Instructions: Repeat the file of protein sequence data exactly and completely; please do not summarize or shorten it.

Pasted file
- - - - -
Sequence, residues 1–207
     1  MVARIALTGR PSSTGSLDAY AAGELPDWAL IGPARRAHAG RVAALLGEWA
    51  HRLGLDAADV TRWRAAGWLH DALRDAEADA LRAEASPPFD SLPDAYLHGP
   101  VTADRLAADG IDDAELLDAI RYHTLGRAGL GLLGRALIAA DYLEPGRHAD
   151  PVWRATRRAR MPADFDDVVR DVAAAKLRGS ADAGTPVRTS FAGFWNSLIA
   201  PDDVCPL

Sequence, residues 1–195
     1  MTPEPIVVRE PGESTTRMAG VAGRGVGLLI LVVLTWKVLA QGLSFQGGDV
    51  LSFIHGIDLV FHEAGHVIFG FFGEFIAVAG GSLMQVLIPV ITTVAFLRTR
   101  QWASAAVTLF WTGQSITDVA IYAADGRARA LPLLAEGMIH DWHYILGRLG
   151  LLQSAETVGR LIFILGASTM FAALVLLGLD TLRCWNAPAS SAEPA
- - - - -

Sequence, residues 1–207
     1  MVARIALTGR PSSTGSLDAY AAGELPDWAL IGPARRAHAG RVAALLGEWA
    51  HRLGLDAADV TRWRAAGWLH DALRDAEADA LRAEASPPFD SLPDAYLHGP
   101  VTADRLAADG IDDAELLDAI RYHTLGRAGL GLLGRALIAA DYLEPGRHAD
   151  PVWRATRRAR MPADFDDVVR DVAAAKLRGS ADAGTPVRTS FAGFWNSLIA
   201  PDDVCPL

Sequence, residues 1–195
     1  MTPEPIVVRE PGESTTRMAG VAGRGVGLLI LVVLTWKVLA QGLSFQGGDV
    51  LSFIHGIDLV FHEAGHVIFG FFGEFIAVAG GSLMQVLIPV ITTVAFLRTR
   101  QWASAAVTLF WTGQSITDVA IYAADGRARA LPLLAEGMIH DWHYILGRLG
   151  LLQSAETVGR LIFILGASTM FAALVLLGLD TLRCWNAPAS SAEPA